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1. A freshened sample includes new participants added to a longitudinal sample plus the retained participants from the longitudinal sample used to produce cross-sectional estimates of the population of a given student cohort for each subsequent wave of a longitudinal data collection.

2. All comparisons in tables 1 to 5 have been tested for statistical significance, using Bonferroni adjustments, and are significant at the 0.05 level.

3. While these rates seem to suggest that race may not be an important indicator of inequality of educational opportunity, it is important to point out that blacks and Hispanics are more likely to attend two-year institutions, to enroll in remedial courses, and to have higher dropout rates and lower completion rates in these institutions than whites and Asians (Saw 2016a).

4. This point is made throughout many of Coleman’s writings and most clearly articulated in Foundations of Social Theory (1990).

5. This same avoidance of math in forming college plans can be found in the first follow-up (calculations available from authors by request). These responses are particularly troublesome given that taking advanced mathematics in high school continues to show positive effects on earnings (Rose and Betts 2004) and, more recently, on mortality (Warren et al. 2015).

6. We also conducted an ordered logistic regression that took into account the ordered categories of postsecondary education programs, from the lowest-ranked category (“not in school”) to “certificate or other training” and “associate’s degree,” to the highest-ranked category (“bachelor’s degree program”), excluding the category of “don’t know.” The results (reported in appendix table A1) basically do not change our main conclusions from the multinomial logistic regression reported in table 7. We chose to use results from multinomial logistic regression for two major reasons. One assumption of ordered logistic regression is that the relationship between predictors and ordered (ranked) outcomes is linear. That is not the case in our data as shown in multinomial logistic regression. For example, being Hispanic (as compared to being white) or aspiring to get an associate’s degree (as compared with aspiring to obtain no more than a high school diploma) are not linearly correlated with the ordinal category of college enrollment. Second, multinomial logistic regression estimates allow for a more nuanced understanding of the association between individual or contextual factors and a particular postsecondary education group.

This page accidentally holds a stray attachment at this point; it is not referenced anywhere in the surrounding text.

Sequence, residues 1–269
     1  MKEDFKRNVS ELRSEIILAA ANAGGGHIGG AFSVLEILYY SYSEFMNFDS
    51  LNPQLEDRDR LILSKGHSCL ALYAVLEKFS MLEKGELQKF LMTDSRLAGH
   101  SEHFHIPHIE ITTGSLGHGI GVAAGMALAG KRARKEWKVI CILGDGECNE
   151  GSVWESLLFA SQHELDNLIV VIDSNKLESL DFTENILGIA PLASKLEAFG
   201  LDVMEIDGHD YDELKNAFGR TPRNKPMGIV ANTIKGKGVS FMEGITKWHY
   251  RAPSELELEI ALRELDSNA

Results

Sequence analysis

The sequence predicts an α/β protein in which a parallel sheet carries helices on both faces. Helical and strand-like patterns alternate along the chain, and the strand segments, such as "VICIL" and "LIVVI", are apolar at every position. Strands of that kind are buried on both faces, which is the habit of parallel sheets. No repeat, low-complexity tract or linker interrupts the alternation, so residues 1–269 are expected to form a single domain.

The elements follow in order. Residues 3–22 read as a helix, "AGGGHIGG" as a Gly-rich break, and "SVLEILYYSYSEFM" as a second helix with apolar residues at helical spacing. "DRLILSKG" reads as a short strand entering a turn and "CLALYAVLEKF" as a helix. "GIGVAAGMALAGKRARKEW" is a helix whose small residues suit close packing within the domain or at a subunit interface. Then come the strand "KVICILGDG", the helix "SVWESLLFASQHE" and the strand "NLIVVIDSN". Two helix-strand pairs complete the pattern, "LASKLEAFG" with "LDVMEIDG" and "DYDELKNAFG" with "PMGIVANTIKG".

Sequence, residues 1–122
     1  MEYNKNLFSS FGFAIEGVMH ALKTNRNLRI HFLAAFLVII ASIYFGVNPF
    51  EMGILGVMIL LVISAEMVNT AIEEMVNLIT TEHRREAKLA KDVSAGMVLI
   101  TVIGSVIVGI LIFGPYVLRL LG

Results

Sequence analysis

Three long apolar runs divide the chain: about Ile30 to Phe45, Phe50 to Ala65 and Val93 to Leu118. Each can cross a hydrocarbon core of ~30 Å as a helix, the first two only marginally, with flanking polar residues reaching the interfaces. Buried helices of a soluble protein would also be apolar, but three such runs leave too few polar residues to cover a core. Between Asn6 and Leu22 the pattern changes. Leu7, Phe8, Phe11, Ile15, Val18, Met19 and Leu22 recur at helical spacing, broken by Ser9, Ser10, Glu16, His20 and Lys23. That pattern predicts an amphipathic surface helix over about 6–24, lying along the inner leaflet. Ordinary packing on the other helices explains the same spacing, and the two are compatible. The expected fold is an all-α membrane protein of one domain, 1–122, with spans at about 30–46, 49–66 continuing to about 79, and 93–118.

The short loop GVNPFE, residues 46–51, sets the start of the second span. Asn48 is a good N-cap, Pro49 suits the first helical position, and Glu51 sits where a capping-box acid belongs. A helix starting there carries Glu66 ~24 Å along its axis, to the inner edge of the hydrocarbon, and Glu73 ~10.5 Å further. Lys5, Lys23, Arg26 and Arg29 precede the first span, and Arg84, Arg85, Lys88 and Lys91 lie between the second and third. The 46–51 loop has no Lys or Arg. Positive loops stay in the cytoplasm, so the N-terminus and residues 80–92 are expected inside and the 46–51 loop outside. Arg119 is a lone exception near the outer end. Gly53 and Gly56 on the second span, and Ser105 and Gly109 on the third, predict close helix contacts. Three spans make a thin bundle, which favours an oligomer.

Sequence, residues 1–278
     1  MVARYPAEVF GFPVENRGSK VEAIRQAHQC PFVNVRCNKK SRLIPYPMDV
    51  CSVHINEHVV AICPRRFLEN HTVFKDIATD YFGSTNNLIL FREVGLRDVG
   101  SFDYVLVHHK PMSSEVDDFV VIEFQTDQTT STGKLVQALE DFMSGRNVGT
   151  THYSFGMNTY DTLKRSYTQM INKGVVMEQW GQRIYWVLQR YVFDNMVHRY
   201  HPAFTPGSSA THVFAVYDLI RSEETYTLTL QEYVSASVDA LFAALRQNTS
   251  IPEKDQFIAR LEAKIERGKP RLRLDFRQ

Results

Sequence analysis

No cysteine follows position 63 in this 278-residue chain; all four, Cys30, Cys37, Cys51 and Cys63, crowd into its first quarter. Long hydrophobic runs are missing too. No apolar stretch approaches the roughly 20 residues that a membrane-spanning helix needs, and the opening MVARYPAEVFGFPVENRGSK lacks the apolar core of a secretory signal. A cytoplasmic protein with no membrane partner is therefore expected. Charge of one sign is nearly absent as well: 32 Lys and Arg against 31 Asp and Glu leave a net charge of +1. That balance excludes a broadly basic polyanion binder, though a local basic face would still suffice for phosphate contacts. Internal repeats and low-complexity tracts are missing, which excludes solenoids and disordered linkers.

7. The findings are consistent with another set of important studies by Coleman and his colleagues (Coleman and Hoffer 1987; Coleman, Hoffer, and Kilgore 1982) and later work by other scholars (Bryk, Lee, and Holland 1993; Lee et al. 1998) showing that the advantages of Catholic schooling can primarily be attributed to its constrained academic organization and more rigorous curriculum.